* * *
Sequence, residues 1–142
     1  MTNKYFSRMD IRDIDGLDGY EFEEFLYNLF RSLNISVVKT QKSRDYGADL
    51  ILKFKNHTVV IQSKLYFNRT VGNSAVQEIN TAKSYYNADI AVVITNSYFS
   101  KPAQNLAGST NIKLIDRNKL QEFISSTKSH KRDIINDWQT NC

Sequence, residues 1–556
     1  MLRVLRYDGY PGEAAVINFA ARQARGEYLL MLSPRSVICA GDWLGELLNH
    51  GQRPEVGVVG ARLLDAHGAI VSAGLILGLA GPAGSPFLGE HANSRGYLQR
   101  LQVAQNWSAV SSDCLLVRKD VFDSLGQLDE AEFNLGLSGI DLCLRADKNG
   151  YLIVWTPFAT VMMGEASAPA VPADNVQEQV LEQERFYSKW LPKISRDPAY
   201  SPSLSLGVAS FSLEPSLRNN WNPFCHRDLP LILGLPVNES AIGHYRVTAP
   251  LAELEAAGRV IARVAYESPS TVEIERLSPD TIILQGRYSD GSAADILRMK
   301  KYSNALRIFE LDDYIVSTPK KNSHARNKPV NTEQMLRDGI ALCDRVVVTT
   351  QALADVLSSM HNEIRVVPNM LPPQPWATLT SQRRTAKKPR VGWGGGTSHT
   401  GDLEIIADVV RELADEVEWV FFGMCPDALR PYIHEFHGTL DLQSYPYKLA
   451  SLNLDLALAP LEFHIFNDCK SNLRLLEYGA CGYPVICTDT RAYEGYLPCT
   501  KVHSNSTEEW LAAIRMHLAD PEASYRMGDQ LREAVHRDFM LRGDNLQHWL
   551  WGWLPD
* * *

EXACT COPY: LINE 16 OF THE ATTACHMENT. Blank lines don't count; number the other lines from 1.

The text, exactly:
   501  KVHSNSTEEW LAAIRMHLAD PEASYRMGDQ LREAVHRDFM LRGDNLQHWL